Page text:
Woman holding baby while workingWithout a one-size-fits-all approach to paid parental leave, we'releft with individual policies that are too complicated.

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When San Francisco passed a new ordinance guaranteeing up to sixweeks of full-time paid parental leave for workers at companieswith more than 20 employees, you'd be forgiven for expecting to seea marked increase in leave-takers.

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But that wasn't the case, according to a study funded by the Robert WoodJohnson Foundation, which highlights a nationwide need for simpler,more universal policies, according to its lead author Julia M.Goodman, assistant professor at Oregon Health and ScienceUniversity and Portland State University School of PublicHealth.

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Related: Wall Street dads find parental leave easier to getthan to take

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After the policy took effect in January 2017, only 13% morefathers made use of paid parental leave, and men claimed just 15.6%more time off compared to other counties.

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Meanwhile, there was no change among mothers. That's at leastpartially because paid leave policies were already more widely usedby women than men, according to the study. But the findings alsounearthed a widespread lack of understanding about maternity leavebenefits, particularly among lower-income mothers — less than 2% ofwhom had accurate information about the new policy.

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Goodman called those findings "surprising and distressing,"noting that lower-income workers were much less likely to say theyunderstood their benefits and that their employers do anything tohelp, compared to those with a higher income.

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"That's potentially disturbing," Goodman said. "This is a spacewhere employers should really step in and provide more informationand more support for workers who need to take leave."

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One of the key takeaways, according to Goodman, is that withouta one-size-fits-all approach to paid parental leave, we're leftwith individual policies that are too complicated.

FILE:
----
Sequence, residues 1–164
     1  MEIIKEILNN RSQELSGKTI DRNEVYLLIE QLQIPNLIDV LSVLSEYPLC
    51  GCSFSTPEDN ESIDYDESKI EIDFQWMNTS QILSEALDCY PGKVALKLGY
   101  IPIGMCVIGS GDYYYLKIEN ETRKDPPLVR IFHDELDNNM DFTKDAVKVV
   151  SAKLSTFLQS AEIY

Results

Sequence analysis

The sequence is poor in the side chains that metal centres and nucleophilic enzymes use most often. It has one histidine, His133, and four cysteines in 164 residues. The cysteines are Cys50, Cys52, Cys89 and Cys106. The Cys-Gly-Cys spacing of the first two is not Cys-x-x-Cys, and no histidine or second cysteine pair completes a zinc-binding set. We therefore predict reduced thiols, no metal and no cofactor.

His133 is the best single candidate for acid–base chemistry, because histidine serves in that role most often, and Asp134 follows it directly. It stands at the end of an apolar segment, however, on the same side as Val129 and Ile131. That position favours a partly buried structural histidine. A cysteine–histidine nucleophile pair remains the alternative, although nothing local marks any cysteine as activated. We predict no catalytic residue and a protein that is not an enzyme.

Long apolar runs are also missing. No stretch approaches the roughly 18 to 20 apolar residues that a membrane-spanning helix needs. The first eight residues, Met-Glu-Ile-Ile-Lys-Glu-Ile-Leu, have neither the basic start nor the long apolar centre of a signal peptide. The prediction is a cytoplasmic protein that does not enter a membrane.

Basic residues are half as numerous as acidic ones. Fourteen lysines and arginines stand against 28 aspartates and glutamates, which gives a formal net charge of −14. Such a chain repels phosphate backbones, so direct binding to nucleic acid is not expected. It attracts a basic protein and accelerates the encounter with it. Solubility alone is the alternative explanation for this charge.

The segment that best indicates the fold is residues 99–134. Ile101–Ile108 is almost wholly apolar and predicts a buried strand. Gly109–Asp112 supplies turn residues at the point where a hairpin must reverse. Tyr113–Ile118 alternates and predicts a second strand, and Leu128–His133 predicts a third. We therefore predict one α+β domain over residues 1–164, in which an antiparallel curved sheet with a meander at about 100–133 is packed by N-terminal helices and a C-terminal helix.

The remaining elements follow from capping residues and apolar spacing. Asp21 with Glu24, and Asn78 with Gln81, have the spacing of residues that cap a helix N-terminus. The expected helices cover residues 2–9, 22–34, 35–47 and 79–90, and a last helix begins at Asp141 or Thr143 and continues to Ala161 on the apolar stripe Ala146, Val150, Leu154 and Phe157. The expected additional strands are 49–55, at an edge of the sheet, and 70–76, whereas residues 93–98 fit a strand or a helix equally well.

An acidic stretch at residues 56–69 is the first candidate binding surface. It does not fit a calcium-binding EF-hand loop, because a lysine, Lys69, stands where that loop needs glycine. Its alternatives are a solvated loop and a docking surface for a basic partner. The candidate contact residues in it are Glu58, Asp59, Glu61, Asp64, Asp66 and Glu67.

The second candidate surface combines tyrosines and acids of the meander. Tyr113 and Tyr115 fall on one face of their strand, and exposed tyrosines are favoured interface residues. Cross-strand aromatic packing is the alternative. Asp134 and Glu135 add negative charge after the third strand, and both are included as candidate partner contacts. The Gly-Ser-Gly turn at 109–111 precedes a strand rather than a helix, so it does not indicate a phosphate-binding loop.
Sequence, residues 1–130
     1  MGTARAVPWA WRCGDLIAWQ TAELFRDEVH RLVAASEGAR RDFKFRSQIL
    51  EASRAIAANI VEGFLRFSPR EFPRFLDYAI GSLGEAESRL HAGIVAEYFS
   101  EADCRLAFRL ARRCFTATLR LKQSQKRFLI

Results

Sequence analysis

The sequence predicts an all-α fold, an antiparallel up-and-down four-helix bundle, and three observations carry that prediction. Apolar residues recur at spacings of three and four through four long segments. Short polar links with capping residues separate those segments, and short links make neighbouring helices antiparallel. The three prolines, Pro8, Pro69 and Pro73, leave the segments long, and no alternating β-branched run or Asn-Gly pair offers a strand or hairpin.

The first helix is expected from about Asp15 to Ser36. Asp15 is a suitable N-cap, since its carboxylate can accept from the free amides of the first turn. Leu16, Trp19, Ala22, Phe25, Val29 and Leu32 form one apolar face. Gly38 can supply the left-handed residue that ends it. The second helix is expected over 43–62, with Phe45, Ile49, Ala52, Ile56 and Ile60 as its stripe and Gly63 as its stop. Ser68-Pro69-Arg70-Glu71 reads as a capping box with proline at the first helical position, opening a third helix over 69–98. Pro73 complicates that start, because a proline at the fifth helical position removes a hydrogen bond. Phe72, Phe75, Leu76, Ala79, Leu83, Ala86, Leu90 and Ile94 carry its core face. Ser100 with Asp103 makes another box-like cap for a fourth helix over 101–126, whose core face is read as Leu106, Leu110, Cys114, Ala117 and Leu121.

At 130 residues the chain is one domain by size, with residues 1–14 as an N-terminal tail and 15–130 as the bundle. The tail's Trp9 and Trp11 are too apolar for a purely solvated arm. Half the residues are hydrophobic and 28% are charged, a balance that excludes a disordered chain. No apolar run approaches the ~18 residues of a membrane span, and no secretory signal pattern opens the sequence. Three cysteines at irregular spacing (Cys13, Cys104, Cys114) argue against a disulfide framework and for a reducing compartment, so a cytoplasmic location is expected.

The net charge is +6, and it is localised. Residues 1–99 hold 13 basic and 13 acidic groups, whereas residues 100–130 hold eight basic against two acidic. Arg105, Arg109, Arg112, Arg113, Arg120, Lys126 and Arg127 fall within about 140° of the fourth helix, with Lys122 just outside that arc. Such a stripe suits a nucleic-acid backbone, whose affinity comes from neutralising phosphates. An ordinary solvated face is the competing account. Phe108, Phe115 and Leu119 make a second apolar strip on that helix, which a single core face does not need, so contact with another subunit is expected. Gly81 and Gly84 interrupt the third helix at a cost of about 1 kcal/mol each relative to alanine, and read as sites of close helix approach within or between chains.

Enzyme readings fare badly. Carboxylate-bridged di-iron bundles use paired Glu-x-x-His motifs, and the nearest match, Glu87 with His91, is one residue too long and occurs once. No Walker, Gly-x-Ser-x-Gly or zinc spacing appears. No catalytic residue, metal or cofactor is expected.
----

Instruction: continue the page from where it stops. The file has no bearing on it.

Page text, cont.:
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"There's a lot of confusion all round," Goodman said. "To bemore effective we should try to advocate for more simple universalpolicies, as opposed to right now we have this patchwork ofpolicies at the city and state level, and they don't all align. Soeven if HR leaders really understood this and were motivated totalk to their employees about it, it's hard."

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San Francisco's policy also doesn't cover small employers,meaning many low-income parents were left out.

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But there was one source of information that both low andhigh-income employees consistently said they relied on: healthcareproviders.

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"I think there's some potential to work with healthcareproviders or health systems to try to get some information out toworkers that way," Goodman said.

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Studies have linked paid parental leave to productivity andretention in the workplace and improved physical and mental healthamong workers. Goodman says that mirrors findings from a similarsurvey asking employers how they feel about San Francisco's newpolicy, publishing later this month.

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"It seems like even with a policy like this that's relativelyburdensome on employers because it asks employers to provide somepay, they were still supportive and said it didn't have a negativeimpact on them."

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The best thing HR leaders can do, in Goodman's view, is supportpaid leave policies when they come up at the state and federallevel, and to encourage the business community to speak up.

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"From the business community, to have their support is sopowerful," Goodman said. "In each of the states that have passed apaid leave policy, it's been critical to have businesses comeonboard and say, 'Yes, we think this is an important benefit.'"

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Raychel Lean

Raychel Lean is ALM's Florida bureau chief, overseeing the Daily Business Review. Email her at [email protected] or follow her on Twitter via @raychellean.